One of Islam's great mysteries is what happens inside a mosque. These sacred spaces, where access is often forbidden to nonbelievers, are where Muslims perform their central ritual: prayer. Because this ritual is so important, Muslims have a clearly defined set of rules that should be followed for appropriate conduct inside the mosque, or masjid.
Entering the Mosque
The first ritual starts with one's entrance to the mosque. Believers should step inside using their right foot only, and wearing appropriate apparel. This includes cleanliness: Islam recommends a clean body, clothing and mind for worship, including the elimination of any personal odors (such as bad breath from eating food with garlic or onions). As one enters the mosque, one should recite the appropriate prayer, called a du'a, and shut down any disturbances, like cell phones.
Prayer at the Mosque
Before praying, Muslims are required to remove their shoes and perform a cleansing ritual. These ablutions, called wudhu, require congregants to first wash their right hand three times, followed by their left hand. Muslims believe they should emphasize cleanliness before appearing in the house of Allah. They can then proceed with the prayer ritual, normally performed five times a day. Though one can pray anywhere, these prayers are ideally performed inside a mosque; prayer inside a mosque is believed to be 27 times more potent than prayer outside.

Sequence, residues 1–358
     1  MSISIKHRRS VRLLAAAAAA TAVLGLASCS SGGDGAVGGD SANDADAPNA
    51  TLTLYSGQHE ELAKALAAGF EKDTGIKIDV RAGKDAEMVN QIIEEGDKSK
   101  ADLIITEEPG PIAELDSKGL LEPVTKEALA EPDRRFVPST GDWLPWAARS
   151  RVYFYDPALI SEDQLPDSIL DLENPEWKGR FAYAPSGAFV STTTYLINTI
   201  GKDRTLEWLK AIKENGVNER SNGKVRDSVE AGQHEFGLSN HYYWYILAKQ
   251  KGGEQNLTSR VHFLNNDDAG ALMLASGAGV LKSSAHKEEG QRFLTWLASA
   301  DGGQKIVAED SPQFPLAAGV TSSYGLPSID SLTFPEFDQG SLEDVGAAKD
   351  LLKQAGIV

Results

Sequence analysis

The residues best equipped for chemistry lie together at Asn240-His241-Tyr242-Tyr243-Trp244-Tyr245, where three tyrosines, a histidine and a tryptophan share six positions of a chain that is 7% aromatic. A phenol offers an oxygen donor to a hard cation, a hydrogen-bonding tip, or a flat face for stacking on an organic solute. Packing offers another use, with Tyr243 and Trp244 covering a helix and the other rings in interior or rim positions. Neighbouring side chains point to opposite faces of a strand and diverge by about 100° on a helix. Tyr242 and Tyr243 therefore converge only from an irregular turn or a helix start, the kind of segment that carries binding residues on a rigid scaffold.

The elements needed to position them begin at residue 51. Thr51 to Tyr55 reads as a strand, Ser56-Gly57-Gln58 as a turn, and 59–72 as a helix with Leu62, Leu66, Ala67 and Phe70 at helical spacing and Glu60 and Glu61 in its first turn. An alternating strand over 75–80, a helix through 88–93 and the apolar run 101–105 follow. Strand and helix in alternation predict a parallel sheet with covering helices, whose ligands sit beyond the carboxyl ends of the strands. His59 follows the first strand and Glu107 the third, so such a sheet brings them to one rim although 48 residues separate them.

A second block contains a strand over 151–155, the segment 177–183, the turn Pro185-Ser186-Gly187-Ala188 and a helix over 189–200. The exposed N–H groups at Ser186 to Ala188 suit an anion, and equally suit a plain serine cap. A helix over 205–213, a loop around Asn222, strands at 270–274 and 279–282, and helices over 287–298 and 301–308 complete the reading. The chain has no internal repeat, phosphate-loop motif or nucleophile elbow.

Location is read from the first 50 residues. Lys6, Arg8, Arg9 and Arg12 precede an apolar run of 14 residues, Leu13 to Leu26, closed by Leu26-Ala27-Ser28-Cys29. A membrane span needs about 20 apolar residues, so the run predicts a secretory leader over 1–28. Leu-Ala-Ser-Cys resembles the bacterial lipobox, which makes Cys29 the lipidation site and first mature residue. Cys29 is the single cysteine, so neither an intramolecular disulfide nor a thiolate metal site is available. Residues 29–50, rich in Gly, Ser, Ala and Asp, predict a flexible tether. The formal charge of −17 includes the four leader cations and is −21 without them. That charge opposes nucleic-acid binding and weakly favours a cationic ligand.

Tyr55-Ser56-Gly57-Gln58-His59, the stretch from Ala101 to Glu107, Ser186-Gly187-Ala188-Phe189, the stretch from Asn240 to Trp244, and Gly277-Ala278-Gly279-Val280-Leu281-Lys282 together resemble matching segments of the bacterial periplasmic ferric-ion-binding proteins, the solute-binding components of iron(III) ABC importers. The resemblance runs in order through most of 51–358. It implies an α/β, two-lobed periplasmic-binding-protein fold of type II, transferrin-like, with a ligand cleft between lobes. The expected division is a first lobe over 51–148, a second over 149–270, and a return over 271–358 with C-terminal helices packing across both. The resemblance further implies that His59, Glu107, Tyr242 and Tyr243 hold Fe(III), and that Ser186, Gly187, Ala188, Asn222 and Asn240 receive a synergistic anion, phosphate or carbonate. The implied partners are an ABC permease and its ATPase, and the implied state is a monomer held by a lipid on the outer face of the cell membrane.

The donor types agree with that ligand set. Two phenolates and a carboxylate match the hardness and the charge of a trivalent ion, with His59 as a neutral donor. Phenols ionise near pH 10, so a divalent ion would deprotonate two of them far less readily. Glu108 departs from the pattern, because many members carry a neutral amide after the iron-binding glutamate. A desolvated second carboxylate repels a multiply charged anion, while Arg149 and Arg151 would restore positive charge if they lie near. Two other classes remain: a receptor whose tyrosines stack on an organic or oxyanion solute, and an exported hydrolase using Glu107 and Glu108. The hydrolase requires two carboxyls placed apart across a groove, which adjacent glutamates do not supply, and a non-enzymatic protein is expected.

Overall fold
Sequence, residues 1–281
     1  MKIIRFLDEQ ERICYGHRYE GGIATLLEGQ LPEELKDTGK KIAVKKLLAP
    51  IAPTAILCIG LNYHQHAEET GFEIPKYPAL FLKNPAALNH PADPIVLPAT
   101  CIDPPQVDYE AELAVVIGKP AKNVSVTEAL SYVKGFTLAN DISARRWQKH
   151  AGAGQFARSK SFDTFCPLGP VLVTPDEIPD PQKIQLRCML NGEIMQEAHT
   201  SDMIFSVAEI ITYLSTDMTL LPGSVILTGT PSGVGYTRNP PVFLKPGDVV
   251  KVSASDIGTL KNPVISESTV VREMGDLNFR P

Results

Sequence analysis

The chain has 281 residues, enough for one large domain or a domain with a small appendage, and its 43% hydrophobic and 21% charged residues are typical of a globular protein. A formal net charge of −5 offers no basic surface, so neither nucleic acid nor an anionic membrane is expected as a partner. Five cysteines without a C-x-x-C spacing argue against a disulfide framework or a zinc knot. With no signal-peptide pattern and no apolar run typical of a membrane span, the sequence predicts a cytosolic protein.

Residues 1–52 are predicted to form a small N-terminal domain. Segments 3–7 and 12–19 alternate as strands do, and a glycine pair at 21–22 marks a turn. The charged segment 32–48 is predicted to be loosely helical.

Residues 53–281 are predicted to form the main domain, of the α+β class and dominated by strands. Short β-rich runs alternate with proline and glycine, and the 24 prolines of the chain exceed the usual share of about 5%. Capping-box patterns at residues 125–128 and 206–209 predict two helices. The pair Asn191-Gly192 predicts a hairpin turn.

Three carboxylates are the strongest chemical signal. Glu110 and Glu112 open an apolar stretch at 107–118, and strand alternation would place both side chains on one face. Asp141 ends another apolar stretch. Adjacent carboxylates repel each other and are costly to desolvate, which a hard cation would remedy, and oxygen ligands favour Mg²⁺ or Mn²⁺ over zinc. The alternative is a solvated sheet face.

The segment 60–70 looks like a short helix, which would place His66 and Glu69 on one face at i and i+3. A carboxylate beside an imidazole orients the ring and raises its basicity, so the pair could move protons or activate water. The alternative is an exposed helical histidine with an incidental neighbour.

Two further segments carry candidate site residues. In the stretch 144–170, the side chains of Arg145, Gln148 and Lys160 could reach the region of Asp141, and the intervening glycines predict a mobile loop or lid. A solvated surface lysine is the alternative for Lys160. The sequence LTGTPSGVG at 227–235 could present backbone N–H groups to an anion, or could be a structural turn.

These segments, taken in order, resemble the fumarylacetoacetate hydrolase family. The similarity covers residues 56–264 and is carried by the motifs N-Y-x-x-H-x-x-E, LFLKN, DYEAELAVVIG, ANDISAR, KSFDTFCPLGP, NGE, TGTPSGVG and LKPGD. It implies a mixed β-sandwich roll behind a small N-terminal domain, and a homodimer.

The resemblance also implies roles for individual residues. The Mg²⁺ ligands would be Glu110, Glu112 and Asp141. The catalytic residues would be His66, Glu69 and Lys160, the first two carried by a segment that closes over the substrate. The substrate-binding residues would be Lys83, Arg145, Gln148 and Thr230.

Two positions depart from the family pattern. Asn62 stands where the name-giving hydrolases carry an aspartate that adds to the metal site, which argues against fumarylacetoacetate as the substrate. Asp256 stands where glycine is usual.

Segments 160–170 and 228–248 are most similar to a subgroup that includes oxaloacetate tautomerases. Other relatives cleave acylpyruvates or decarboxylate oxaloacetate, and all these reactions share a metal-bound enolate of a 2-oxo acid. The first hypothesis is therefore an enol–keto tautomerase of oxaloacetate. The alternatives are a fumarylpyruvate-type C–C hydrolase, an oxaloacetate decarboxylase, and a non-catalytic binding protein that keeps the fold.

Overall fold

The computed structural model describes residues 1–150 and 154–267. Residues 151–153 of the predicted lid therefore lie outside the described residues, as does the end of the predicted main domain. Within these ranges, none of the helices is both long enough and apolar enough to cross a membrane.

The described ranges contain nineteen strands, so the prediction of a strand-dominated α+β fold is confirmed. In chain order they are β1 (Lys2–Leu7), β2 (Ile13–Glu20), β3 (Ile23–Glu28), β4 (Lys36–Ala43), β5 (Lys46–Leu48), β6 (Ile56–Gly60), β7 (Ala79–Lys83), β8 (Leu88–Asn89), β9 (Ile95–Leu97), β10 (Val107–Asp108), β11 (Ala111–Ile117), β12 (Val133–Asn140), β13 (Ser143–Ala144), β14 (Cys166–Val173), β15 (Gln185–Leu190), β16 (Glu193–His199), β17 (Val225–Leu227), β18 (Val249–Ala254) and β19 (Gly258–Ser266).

The Role of the Imam
Inside the mosque, worshippers can either pray alone or are led in prayer by the imam, who stands or kneels at the front of the room. The imam's role is similar to that of a rabbi or priest in a Jewish or Christian service; though Muslims consider him, like everyone else attending the mosque, equal in the eyes of Allah. Together, they face Mecca and recite verses from the Quran, often while moving through a series of positions called salat. On the Islamic holy day of Friday, the imam will often give a talk or sermon on elements from the Quran.
Women and the Mosque
In many cultures, it is traditional for men only to pray at the mosque. According to Islamic tradition, this separation preserves a sense of decorum and keeps the focus of the attendants on Allah. When this is the local custom, women often pray at home, either alone or in prayer groups. In large cities where women attend the mosque, they pray in a different room than the men, wearing modest attire and covering their hair.
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